IT audits, COBIT, and using business intelligence in SharePoint 2010

I’m in the midst of an MBA, and as part of my coursework, I’ve been reviewing IT audits that are available on the web. The following two audit reports caught my attention.

I’m particularly interested in how organizations, and their auditors, are using the Control Objectives for Information and related Technology (COBIT) framework. The framework is a set of best practices for information technology (IT) management, created by ISACA. COBIT includes four domains and 34 control objects which help guide IT organizations to several objectives related to governance, including aligning IT goals with business goals, communicating IT performance to management, and more. Many IT departments prepare for IT audits by using all or a part of the COBIT framework. Auditors typically perform a gap analysis and provide recommendations that refer to a framework, maturity model, and guidelines such as those in COBIT. (see COBIT excerpt 4.1)

One of the domains, Monitor and Evaluate include the following two control objects.

· ME 1 - Monitor and evaluate IT performance

· ME 2 - Monitor and evaluate internal controls

The audit report, Citizenship and Immigration Canada’s IT audit, includes a recommendation to "roll up project performance metrics into [a] meaningful dashboard". (Section 7.2)

Regional Municipality of Peel is an audit report that incorporates the COBIT guideline, to “develop and implement processes for gathering and reporting information to monitor and evaluate IT performance”.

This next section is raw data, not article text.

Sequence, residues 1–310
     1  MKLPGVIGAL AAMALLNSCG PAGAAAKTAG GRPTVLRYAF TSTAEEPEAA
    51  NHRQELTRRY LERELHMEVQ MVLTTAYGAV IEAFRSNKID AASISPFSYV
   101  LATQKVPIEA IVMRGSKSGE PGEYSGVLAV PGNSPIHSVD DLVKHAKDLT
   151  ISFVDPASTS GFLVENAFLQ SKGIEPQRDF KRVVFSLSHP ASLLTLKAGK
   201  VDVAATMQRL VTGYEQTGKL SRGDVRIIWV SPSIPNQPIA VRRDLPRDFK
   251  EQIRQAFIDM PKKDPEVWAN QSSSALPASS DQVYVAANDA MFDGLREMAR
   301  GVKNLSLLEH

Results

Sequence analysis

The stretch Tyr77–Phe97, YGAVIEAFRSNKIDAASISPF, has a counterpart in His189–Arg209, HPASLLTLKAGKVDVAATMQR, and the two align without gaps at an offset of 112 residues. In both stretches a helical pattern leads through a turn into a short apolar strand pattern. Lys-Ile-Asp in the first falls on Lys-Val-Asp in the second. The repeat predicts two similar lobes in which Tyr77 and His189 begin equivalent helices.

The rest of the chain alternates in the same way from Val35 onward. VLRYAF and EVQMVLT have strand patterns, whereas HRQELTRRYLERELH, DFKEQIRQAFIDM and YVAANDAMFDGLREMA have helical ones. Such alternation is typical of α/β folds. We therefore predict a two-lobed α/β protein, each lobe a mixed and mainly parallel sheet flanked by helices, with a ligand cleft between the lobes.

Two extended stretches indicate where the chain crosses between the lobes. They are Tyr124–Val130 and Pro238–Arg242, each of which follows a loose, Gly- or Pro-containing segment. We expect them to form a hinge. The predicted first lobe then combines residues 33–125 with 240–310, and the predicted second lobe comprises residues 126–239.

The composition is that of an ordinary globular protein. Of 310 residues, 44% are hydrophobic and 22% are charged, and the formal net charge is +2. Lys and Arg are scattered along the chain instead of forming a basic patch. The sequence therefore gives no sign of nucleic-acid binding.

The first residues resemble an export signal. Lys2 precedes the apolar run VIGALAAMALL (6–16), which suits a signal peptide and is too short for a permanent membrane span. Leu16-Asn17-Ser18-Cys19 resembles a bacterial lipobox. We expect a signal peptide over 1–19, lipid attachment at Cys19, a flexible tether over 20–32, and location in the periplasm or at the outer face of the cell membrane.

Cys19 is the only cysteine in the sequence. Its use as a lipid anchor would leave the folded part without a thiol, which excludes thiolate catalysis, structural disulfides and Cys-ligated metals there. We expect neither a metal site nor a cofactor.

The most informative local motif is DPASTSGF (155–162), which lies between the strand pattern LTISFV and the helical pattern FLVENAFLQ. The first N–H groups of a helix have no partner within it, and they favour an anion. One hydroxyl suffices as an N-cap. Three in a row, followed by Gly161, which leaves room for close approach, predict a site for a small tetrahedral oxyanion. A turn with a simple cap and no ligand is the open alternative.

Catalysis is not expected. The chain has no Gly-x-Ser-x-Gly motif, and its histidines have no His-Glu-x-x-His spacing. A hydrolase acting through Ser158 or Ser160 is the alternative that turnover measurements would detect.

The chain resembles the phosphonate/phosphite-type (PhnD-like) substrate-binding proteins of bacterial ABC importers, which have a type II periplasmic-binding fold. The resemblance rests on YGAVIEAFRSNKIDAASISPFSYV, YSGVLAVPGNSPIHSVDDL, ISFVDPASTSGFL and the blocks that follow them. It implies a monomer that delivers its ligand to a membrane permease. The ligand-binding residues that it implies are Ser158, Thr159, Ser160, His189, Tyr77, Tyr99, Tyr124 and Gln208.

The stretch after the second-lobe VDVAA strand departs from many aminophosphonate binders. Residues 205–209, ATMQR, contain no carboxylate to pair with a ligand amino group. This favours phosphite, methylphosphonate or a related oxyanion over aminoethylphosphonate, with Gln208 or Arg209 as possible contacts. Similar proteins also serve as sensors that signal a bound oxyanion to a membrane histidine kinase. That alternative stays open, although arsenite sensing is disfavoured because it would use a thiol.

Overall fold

I write about PerformancePoint Services, now a part of Microsoft SharePoint Server 2010. It’s interesting to see how organizations can use the performance management software to monitor and analyze their businesses. Performance measurement in COBIT helps IT management to track and monitor strategy implementation, project completion, resource usage, process performance and service delivery, using, for example, balanced scorecards that translate strategy into action to achieve goals measurable beyond conventional accounting. This kind of work helps an organization’s ability to define and measure the value of IT in their organization.


The ISACA web site provides more than education for IT governance frameworks. I just found a new SharePoint Server 2010 book, SharePoint Deployment and Governance Using COBIT 4.1: A Practical Approach. It is a step-by-step guide on how to govern the deployment of SharePoint Server 2007 and 2010 using COBIT 4.1. I look forward to writing a blog post about it after I finish reading. Additionally, consider reviewing what SharePoint can do to help you plan for and establish governance, here.

See an example a more complex example of creating IT Operations scorecards, dashboards, and analytics with Microsoft SQL Server, Systems Center Operations Manager, and Microsoft Office PerformancePointServer 2007, here.